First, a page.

Those that have been watching the growth of the craft beer/microbrewery movement this last decade with a diligent eye know that Big Brewing has done its best to steal back at least a portion of what it’s lost to the little guys—mostly by screwing with the less-than-diligent consumer. The A-B family of brands now includes lines like Green Valley Brewing Company (the name Anheuser-Bush makes no appearance on those bottle labels), Stella Artois and Kirin Ichiban (no, Kirin is not an import if you are American), as well as having their hands stuck in the cookie jars of Red Hook Brewing, Goose Island Brewery and Alexander Keith’s “Nova Scotia Style”.
With about 3000 breweries in the US now producing tens of thousands of beers, fighting successfully for tap space in bars is about as easy as luring an order of nuns into a gang bang. Of course, there will always be bars that prefer stocking the piss-water that non-demanding customers can chug on the cheap. The places where Shock Top and Blue Moon are viewed as craft offerings. The places where the beer is served ice cold so you can’t tell how shitty it actually tastes. The places where, if forced to patronize, I order a bourbon. And while we’d like to believe that other, more discriminating “craft beer bars” opt for local, seasonal and small-scale brews whenever possible, the reality isn’t always as romantic as the fairytale.
A couple of weeks ago Dann Paquette, co-founder and brewer for Pretty Things Beer & Ale Project in Massachusetts, became a Tweeting whistleblower. Under the brewery’s handle, Paquette pulled the wizard’s curtain back and told Twitterville that Boston is a “pay to play town and we’re often shut out for draft lines along with many beers you may love.” Much like the payola that ruled our radio airwaves in the 50s, Paquette called out the industry for some very illegal “pay to play” hustling—breweries and distributors bribing bars to stock their beers and squeeze out the competition. Paquette railed, “Since I’ve started as a brewer in 1992 it has been a given in Boston that beer lines were for sale.” It certainly isn’t new, and it certainly doesn’t end in Beantown. In 2010, a Crain’s investigation found that a trendy Chicago hotel bar had been taking payouts and other bribes from a powerful MillerCoors distributor. Deb Carey of New Glarus Brewing went so far as to call the city of Chicago “a whores’ market,” noting, “Everyone has a hand out and everyone wants some cash, (free) beer or a discount.”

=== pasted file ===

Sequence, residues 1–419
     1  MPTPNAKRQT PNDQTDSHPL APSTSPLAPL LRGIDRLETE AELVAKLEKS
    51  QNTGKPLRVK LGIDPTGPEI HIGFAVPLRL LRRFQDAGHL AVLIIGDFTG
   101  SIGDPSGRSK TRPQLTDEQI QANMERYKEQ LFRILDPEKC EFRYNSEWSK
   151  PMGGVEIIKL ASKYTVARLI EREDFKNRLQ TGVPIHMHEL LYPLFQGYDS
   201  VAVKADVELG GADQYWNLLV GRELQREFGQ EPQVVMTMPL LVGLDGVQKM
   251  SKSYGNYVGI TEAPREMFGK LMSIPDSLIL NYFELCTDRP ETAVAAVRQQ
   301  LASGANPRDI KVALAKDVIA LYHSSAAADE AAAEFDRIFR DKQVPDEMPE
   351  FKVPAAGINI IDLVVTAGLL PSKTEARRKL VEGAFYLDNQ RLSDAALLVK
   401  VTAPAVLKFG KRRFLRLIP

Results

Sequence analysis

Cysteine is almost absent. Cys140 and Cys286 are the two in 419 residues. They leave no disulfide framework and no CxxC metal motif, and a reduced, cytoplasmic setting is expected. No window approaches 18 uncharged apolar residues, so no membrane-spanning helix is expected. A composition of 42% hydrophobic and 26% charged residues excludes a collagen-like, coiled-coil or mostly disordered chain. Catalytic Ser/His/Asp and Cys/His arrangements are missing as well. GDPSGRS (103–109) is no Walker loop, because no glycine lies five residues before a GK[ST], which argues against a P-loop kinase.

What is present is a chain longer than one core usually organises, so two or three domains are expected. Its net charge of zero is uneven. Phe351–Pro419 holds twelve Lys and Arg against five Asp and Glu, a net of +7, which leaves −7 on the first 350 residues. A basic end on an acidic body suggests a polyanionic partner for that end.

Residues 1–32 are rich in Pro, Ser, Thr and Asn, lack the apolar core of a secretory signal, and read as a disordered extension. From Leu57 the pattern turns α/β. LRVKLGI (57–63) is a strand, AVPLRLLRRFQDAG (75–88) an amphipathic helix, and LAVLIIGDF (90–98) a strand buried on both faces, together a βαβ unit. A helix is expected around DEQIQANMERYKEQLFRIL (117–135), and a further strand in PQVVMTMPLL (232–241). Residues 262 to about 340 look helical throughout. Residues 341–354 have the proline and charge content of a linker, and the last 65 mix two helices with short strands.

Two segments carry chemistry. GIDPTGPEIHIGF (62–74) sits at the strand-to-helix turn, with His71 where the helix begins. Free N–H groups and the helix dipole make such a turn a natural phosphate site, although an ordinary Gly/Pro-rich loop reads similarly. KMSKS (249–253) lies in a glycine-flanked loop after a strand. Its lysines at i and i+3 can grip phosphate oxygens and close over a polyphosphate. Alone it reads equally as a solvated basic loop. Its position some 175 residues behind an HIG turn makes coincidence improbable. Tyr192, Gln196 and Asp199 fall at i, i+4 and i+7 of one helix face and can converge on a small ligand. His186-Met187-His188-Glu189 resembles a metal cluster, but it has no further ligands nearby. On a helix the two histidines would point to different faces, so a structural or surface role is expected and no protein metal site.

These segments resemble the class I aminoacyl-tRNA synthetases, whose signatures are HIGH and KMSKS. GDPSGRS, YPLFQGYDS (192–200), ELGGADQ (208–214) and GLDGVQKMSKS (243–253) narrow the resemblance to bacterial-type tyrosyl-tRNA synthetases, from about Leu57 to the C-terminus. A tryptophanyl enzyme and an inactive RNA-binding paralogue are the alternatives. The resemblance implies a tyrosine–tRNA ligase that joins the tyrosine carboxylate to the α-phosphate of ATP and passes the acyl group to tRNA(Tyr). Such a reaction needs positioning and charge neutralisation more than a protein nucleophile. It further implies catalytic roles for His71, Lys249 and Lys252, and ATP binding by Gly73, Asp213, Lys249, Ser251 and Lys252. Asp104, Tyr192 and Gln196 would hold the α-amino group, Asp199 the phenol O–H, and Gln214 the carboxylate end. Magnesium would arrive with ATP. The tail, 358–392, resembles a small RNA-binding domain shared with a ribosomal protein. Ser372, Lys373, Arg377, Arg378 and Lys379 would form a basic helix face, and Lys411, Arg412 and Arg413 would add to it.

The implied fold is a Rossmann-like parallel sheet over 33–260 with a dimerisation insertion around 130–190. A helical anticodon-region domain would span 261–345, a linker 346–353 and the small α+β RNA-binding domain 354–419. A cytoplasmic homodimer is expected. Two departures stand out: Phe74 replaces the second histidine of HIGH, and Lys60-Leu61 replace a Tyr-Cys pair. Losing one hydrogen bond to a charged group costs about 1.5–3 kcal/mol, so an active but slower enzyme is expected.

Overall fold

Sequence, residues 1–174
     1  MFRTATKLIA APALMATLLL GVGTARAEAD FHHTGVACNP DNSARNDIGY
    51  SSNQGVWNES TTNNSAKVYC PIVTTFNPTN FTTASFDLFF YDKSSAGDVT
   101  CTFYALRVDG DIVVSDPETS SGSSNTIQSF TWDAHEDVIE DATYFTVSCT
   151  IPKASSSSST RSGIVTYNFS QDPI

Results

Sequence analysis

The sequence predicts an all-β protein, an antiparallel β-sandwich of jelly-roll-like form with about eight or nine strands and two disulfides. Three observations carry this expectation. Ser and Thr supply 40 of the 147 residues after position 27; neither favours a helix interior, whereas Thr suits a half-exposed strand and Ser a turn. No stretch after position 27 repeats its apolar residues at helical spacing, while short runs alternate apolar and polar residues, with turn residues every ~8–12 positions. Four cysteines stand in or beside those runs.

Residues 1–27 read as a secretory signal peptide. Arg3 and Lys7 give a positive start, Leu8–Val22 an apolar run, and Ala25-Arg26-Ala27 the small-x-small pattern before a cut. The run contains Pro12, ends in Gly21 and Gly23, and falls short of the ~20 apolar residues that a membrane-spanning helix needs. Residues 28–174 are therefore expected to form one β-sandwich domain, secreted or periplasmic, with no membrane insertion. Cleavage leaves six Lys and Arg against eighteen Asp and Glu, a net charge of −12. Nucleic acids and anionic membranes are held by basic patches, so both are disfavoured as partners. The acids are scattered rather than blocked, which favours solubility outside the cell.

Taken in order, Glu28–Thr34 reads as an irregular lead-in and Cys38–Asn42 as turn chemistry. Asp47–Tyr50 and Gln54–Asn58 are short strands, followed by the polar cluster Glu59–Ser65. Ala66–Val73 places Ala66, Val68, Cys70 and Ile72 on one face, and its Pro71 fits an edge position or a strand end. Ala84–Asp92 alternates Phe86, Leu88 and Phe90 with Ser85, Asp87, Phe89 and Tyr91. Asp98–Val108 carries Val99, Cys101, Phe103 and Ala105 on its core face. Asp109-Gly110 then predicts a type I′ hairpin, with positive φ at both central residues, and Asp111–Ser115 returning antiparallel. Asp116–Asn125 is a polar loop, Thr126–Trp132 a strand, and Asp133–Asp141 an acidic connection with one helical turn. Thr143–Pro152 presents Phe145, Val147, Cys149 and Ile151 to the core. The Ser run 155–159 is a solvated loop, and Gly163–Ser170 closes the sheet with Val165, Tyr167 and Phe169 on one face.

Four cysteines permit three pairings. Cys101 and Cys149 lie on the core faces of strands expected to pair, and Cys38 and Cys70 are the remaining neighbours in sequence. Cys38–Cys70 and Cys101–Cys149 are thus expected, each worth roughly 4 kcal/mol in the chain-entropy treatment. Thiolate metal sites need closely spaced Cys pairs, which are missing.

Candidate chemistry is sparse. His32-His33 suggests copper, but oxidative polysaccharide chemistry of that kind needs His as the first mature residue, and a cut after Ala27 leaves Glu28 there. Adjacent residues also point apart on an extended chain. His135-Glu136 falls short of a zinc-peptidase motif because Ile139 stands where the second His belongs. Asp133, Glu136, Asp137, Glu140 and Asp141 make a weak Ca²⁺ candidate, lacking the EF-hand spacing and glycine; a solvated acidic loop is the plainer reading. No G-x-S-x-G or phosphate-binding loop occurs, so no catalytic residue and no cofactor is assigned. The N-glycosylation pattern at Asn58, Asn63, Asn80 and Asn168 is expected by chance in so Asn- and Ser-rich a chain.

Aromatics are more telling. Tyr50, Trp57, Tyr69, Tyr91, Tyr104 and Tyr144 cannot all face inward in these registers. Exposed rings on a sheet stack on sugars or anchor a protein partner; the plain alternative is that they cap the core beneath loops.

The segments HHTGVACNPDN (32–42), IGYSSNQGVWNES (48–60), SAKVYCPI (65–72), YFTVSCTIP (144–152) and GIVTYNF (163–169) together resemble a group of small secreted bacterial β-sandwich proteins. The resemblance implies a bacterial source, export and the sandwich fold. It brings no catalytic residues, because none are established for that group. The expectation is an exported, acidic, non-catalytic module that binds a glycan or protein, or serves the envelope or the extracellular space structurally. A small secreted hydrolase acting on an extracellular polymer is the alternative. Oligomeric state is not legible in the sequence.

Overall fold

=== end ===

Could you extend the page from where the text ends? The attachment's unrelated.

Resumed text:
And sometimes it isn’t cash, but merchandise, that entices a pub. Glassware, grills, coasters, signage, tickets to next week’s big game, etc. that boxes out the small brewery. The pathetic truth, however, is that what was regarded as illegal and reprehensible in the industry back in the 70s is now a fucking business model. The laws may remain in place to “protect free trade” but feds are busy fighting much larger crimes…like keeping absinthe out of US consumers’ hands for nearly a century. And lest you look at Paquette as a whiner who didn’t get his beer on someone’s tap and decided to point tantrum-aimed fingers at innocents that simply didn’t like his beer, others like Greg Koch of Stone Brewing Company have been fighting the same bullshit: “We were supposed to have our event there [undisclosed locale in Chicago] and at the last minute they said, here’s what you need to do. You need to give us X, Y and Z free and discounted in order to come here. Not only were we not able to comply because that’s against our standards (and against IL law, which we respect and follow), we were kicked out of their bar altogether, off all their taps.”
Put aside the fact that it’s illegal (particularly since I know that none of my readership is beyond fracturing a law or two). Even if microbreweries were willing to throw legality and morality aside to gain access to a handle, they simply can’t afford to out-spend Big Brewing, so they continue to be what punk and heavy metal have always been to mainstream music—a craft seldom appreciated by the lulled, complacent masses who just want some background noise, be it in their ears or on their palate. Do your beer-drinking soul a favor and simply stop giving your business to bars that serve swill. Buy a six pack or two of some local quality suds, take them home, crack one open, put on some Black Flag and raise a middle finger in the general direction of St. Louis, MO.